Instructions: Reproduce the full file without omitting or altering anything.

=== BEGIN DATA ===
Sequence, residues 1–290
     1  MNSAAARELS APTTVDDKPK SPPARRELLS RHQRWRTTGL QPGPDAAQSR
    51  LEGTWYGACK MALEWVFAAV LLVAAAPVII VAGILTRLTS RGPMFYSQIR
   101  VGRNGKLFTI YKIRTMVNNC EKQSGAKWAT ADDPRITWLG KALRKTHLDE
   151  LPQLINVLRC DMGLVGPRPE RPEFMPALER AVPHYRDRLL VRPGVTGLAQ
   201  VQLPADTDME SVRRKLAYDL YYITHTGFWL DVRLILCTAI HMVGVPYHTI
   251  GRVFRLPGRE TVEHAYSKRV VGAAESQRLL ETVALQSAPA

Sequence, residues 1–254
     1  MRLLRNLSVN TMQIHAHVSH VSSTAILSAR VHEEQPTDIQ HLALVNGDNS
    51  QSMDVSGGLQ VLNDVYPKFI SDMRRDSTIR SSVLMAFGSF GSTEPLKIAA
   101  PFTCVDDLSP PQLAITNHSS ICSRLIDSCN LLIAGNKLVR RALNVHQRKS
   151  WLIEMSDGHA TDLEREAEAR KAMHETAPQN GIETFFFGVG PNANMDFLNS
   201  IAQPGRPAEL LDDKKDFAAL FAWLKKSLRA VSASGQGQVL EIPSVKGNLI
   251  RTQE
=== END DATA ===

Sequence, residues 1–290
     1  MNSAAARELS APTTVDDKPK SPPARRELLS RHQRWRTTGL QPGPDAAQSR
    51  LEGTWYGACK MALEWVFAAV LLVAAAPVII VAGILTRLTS RGPMFYSQIR
   101  VGRNGKLFTI YKIRTMVNNC EKQSGAKWAT ADDPRITWLG KALRKTHLDE
   151  LPQLINVLRC DMGLVGPRPE RPEFMPALER AVPHYRDRLL VRPGVTGLAQ
   201  VQLPADTDME SVRRKLAYDL YYITHTGFWL DVRLILCTAI HMVGVPYHTI
   251  GRVFRLPGRE TVEHAYSKRV VGAAESQRLL ETVALQSAPA

Sequence, residues 1–254
     1  MRLLRNLSVN TMQIHAHVSH VSSTAILSAR VHEEQPTDIQ HLALVNGDNS
    51  QSMDVSGGLQ VLNDVYPKFI SDMRRDSTIR SSVLMAFGSF GSTEPLKIAA
   101  PFTCVDDLSP PQLAITNHSS ICSRLIDSCN LLIAGNKLVR RALNVHQRKS
   151  WLIEMSDGHA TDLEREAEAR KAMHETAPQN GIETFFFGVG PNANMDFLNS
   201  IAQPGRPAEL LDDKKDFAAL FAWLKKSLRA VSASGQGQVL EIPSVKGNLI
   251  RTQE